Another area that Audi is known to excel, is with the quality and luxury inside their vehicles. Just because this is built on top of the bottom of the line model for Audi doesn’t mean you are sacrificing luxury, precision, or attention to detail. The sporty, leather wrapped seats are both comfortable and cool looking with two-tone leather and a S3 logo stitched between the shoulder bolstering. The steering wheel is extremely fat, to the point that some won’t like it but I find it quite nice, and has a flat bottom to keep the sports car look and feel inside. The gear shifter has a leather knob with chrome accents and if you don’t look closely enough you could almost mistake it for a manual stick. Below that is the rotary knob and some buttons to help you interface with the infotainment system on the dash. You’ll also find the electronic parking brake and the engine start/stop button down here.
The screen for the infotainment system is not a touchscreen; all inputs must come through controls on the steering wheel or buttons throughout the cabin. It can also be tucked away into the dash to open up a clear line of sight and a no distraction driving experience. The software itself is clean and sophisticated with easy to navigate menus. Audi, a few years back, also opted to use Google Maps for their GPS system and it looks better than ever in this new S3.
Enough about looks and luxury though, it time to see what makes this an S3 and if we think it lives up to the hype.
Under the hood is a 2.0-liter turbocharged TSFI engine pushing 292-horsepower and 280-ft.lbs. of torque. That may not sound like much but even comparing that to another compact rocketship – the Ford Focus ST – it’s pretty stout. This engine is also strapped on to Audi’s S-tronic 6-speed dual-clutch transmission which helps to make shifts fast and effortless. This car, being an Audi, also comes standard with their Quattro all-wheel drive system which is known all over the world for being one of the best in the business.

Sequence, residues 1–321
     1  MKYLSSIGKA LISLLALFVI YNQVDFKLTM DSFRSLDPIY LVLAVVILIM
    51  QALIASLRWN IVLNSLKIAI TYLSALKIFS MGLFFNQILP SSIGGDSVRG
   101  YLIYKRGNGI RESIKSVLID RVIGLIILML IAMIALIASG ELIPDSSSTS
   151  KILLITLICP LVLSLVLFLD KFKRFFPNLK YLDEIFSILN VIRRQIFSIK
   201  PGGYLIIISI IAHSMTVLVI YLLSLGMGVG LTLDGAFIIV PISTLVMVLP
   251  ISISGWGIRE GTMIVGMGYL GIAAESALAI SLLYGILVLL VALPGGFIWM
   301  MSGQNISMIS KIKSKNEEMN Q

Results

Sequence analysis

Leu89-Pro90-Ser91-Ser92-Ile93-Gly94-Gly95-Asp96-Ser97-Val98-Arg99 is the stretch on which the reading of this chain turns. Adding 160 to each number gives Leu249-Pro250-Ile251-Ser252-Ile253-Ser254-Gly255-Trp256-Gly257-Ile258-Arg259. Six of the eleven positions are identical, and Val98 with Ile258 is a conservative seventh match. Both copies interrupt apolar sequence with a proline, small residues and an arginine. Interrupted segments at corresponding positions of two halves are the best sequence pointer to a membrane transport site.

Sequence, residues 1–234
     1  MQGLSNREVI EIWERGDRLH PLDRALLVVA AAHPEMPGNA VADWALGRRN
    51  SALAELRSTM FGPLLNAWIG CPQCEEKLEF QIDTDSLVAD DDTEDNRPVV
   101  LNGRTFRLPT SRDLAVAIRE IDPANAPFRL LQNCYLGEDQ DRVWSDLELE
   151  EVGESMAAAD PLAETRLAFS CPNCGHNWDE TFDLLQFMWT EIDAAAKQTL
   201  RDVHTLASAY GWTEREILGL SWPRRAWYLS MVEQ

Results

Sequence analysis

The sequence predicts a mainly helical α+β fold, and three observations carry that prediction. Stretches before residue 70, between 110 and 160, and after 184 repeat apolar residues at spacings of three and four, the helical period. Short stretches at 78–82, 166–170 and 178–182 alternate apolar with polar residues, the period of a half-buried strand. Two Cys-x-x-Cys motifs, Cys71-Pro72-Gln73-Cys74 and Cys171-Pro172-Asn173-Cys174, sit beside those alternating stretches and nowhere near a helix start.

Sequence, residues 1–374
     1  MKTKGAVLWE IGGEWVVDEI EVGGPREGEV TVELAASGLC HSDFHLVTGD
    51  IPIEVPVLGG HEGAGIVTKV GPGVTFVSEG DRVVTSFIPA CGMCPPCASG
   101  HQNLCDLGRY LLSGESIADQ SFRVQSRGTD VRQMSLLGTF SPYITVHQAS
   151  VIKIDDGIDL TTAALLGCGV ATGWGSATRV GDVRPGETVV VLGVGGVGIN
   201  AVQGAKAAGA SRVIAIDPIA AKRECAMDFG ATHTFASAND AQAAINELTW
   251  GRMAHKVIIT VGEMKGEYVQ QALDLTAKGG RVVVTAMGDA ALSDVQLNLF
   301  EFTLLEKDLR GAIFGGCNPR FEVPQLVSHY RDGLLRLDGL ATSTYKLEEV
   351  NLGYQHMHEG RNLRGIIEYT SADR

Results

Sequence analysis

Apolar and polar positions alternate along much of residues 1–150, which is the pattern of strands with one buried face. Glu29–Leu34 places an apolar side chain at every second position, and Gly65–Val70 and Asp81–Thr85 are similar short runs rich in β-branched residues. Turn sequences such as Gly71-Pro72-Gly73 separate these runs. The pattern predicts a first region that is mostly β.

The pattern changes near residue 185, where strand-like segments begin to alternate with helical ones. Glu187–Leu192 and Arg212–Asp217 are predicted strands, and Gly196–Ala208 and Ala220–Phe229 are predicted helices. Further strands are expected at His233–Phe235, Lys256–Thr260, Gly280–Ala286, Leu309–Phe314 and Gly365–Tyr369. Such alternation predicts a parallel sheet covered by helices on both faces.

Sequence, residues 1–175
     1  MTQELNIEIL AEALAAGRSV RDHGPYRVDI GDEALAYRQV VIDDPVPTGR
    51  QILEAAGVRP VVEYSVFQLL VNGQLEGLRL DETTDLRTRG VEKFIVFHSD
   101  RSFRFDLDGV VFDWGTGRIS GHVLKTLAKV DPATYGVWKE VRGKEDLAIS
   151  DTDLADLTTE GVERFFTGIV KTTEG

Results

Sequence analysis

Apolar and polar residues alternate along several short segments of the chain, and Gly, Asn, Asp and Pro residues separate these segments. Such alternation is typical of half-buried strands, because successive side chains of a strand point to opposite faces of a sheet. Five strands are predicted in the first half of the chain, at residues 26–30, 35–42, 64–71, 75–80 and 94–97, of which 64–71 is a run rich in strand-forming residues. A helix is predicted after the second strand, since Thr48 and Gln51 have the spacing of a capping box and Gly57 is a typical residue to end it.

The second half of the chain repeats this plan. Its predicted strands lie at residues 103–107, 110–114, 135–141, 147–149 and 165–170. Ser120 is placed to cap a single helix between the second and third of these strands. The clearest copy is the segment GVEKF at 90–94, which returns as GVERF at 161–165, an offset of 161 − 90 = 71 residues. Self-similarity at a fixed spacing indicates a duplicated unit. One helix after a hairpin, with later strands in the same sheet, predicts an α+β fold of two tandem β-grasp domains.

What all of this translates into is a small vehicle that can really take off and once you’re going you can attack any corner with confidence and roll right back into it. Speaking of rolling into the throttle, the exhaust note on this S3 is awe-inspiring and will keep making you want to put your foot down to give another listen. During our week with the S3 I had it in all sorts of environments from dirt roads, country twistys, highways, to city streets. In every environment and any situation this car felt right at home. The suspension isn’t too rough – like some sports cars – where you regret driving it on rough roads. The power delivery is excellent whether you’re making a pass on the highway or slamming your foot to the floor coming out of a corner. Maintaining grip, with the Quattro system by your side is, done with ease even on loose gravel or wet roads. If you’re just cruising and not even thinking about driving, the Audi will still keep you in luxury and comfort and make sure you arrive at your destination in style.
I’ll be honest, as much as I love Audi when I first got into the S3 I was already skeptical and didn’t think I’d like it that much. I’ve heard from others how this car is basically a Golf R and you shouldn’t waste your money. So much was in my head already I was ready to dismiss the car and say just go buy a Focus ST or a Golf R or a BMW.
Boy was I proven wrong. After my week with the car I wanted to own one as bad as any Audi I have driven. This car hits all the right spots for me and I’m ready to throw down some cash. Of course now it is time to look at just what this car will set you back. Our tester wasn’t quite spec’d to the max but had a resulting MSRP of $48,045. The base S3 starts at just over $41k but let’s face it, no one wants to buy a base Audi. If you’re in the market for a great, small, and fun luxury compact car you really can’t go wrong with this one based on it’s direct competition. If you’re looking for all those qualities in and don’t need the luxury branding, the Focus ST is a great way to go.